Despites some rough patches, I mostly never cease to be surprised by how warm and welcoming the people I encounter on Amigos are. Corny, but absolutely true. Imagine some stranger showing up unannounced on your doorstep, looking for a place to stay and the opportunity to do some community service! Instead of thinking I'm crazy, I get welcomed with open arms into people's homes, I instantly become a confidante and a friend -- and I get sat down at some kitchen table or another and fed a stack of tortillas, meat, salsa, frijoles, arrozzz and so much more... I even tried to time a community visit so that I could skip lunch because I was so full from the being in another community the day before. I arrived at 5pm and told them I'd already eaten, but they sat me down anyway despite my weak excuses.
The hardest thing about visiting these "ranchos" as they're called, is that most of the time, half of the houses in town are empty and the towns are virtually devoid of young men. They're all working in the United States, which they refer to as "allá" (over there) or "el otro lado" (the other side). It's weird because I just finished reading "The Devil's Highway," a non-fiction account of a group of around 26 men who attempted to cross illegally into the U.S. and 14 of whom ended up dying. It's an incredible read, albeit gruesome in its details, and I thought about it a lot in community. It's sobering to realize that these are the mothers, wives, and children that countless men risk and sometimes sacrifice their lives for -- spending years in a foreign country working at jobs that no one else wants for virtually nothing. One of my host mothers hasn't heard from her husband for years -- she thinks he's in jail but hasn't been able to talk to him, and she has to raise her three children on her own.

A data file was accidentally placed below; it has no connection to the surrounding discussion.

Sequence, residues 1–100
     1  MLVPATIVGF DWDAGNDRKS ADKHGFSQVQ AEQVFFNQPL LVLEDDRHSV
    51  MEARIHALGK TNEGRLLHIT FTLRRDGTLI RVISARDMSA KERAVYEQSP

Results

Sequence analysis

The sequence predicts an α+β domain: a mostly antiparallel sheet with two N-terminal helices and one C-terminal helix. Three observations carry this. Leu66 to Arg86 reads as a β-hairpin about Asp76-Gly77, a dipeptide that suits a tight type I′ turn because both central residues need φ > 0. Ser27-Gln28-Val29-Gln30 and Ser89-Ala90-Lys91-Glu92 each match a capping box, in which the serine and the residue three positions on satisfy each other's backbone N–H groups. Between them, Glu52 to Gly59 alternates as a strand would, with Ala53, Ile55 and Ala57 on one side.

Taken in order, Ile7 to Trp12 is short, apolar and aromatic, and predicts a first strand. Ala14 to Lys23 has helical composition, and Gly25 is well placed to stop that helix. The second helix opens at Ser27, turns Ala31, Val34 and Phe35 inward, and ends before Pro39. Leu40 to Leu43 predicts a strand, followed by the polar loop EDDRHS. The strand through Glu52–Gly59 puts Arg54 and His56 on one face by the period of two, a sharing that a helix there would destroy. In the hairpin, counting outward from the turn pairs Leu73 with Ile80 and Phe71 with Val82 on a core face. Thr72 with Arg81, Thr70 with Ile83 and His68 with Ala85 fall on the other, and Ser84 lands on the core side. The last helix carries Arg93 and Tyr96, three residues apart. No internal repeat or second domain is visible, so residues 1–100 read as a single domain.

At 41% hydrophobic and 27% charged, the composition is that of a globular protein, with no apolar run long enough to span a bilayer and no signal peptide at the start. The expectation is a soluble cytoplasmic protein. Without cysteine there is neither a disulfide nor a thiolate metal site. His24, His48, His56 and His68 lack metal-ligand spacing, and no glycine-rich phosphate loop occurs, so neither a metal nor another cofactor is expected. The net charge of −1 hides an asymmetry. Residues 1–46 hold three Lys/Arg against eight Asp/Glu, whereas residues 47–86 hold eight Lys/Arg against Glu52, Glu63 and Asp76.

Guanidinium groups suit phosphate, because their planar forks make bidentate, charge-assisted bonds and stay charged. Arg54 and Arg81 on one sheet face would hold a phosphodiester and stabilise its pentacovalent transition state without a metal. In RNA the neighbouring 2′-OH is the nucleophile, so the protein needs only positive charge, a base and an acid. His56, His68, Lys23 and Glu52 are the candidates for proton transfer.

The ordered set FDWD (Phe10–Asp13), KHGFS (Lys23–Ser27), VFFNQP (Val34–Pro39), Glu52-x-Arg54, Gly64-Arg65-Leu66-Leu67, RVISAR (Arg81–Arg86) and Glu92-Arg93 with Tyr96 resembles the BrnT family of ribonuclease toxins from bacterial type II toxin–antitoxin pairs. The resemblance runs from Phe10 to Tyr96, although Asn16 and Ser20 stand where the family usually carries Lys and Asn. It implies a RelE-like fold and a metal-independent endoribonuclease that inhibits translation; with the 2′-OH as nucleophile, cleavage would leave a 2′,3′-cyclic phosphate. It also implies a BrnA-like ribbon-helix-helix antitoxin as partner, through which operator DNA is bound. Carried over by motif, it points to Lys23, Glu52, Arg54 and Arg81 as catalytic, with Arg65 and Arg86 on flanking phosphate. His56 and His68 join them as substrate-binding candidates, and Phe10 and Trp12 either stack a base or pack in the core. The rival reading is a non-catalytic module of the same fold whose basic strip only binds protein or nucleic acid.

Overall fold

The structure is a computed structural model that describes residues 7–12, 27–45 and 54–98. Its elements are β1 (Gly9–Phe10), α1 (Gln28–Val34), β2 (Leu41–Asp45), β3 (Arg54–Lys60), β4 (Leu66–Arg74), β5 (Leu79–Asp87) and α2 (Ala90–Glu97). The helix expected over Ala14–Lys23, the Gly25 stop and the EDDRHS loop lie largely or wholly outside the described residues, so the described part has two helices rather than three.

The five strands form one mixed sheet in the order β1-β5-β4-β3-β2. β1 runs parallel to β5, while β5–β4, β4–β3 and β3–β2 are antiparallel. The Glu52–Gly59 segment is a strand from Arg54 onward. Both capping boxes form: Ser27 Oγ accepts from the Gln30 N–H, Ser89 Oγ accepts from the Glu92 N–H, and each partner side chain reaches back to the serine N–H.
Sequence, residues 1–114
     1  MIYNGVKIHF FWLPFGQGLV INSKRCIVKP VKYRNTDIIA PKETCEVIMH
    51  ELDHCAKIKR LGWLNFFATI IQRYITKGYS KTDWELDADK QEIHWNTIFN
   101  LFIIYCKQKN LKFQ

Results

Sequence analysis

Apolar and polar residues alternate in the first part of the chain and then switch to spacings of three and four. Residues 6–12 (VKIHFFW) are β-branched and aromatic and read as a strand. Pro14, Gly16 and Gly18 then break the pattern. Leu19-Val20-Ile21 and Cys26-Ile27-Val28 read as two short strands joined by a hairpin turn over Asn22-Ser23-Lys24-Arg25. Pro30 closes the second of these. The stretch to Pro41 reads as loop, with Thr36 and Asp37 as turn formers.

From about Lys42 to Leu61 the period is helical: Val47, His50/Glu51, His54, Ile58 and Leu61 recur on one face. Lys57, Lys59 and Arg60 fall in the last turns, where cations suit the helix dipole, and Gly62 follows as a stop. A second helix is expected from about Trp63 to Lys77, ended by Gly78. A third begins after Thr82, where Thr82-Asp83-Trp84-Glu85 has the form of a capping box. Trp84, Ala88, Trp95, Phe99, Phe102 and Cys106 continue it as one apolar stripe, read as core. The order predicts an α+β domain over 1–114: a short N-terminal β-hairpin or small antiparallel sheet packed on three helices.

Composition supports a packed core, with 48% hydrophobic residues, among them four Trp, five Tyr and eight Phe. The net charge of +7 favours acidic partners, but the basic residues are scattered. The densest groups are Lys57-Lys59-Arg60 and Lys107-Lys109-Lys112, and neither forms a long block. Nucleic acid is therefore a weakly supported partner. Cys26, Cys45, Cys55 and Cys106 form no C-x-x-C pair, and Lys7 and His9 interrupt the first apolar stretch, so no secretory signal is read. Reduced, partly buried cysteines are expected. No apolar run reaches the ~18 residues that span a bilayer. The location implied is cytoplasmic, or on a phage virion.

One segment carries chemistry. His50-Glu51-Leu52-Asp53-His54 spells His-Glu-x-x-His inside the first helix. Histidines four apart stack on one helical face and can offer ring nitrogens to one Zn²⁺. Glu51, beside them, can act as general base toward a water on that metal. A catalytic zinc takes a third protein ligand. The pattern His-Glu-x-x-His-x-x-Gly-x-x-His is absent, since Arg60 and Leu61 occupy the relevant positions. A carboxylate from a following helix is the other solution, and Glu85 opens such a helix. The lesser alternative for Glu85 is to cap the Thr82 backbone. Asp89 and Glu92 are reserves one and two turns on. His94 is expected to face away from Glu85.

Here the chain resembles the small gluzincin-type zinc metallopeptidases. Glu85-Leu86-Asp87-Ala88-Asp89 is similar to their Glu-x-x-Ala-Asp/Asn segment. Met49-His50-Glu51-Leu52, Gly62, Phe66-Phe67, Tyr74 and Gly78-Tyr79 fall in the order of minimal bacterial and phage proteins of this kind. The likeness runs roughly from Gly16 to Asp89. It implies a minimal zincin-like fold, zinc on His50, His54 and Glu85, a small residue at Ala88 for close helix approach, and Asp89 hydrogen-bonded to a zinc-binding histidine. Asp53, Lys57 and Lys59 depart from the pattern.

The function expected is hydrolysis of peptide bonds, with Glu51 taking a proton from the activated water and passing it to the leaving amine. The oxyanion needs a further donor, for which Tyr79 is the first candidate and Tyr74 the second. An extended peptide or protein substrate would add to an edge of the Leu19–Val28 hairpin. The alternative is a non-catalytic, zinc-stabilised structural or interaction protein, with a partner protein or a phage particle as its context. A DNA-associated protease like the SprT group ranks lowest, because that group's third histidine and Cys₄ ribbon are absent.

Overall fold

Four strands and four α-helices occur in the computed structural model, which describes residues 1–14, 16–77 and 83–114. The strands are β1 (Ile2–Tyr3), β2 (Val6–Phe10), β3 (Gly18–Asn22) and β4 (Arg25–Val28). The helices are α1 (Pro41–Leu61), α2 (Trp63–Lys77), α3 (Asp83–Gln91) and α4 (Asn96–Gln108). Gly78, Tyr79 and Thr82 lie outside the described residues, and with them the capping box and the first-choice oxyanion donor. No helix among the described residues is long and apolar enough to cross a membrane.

Still, the good outweighs the bad for the most part. I'll post some pictures before I end this.
Below are Lyndsay and Peter in the Saturday market with one of our host contacts Mati, who works for DIF. She and her husband Rafa have been like our family in La Piedad -- Peter and Lyndsay and I stayed with them when we first arrived.
Lyndsay enjoying an enchilada in Guanajuato -- I'm still a little chicken when it comes to jalapeños, but I'm getting there...
More soon I hope...
Saturday, June 7, 2008
I've been in my headquarter city of La Piedad since Thursday. I arrived to find it bigger than I expected and surprisingly free of pigs -- I've been threatened for weeks now that I was going to be wallowing in the pork production capital of the country for the summer. That industry has died out for the most part, so I've been told. Plus, I haven't seen or smelled any major pork production going on.
This is the view of the town from my window. We're staying in the house of one of our partner agency contacts. The center of La Piedad is located in a valley, so the town sort of rises up around it.
I'm here with the Project Director Lyndsay and the Assistant Project Director Peter setting up the program. So far the most official thing we've done besides quite a lot of paperwork is a successful first meeting with some of our partner agency contacts. We talked about the schedule for the summer and selected the communities our volunteers will be living and working in.
Here we are with some of the health officials we'll be working with this summer. It took a lot of effort to figure out the self-timer and get the camera at the right angle to take this picture.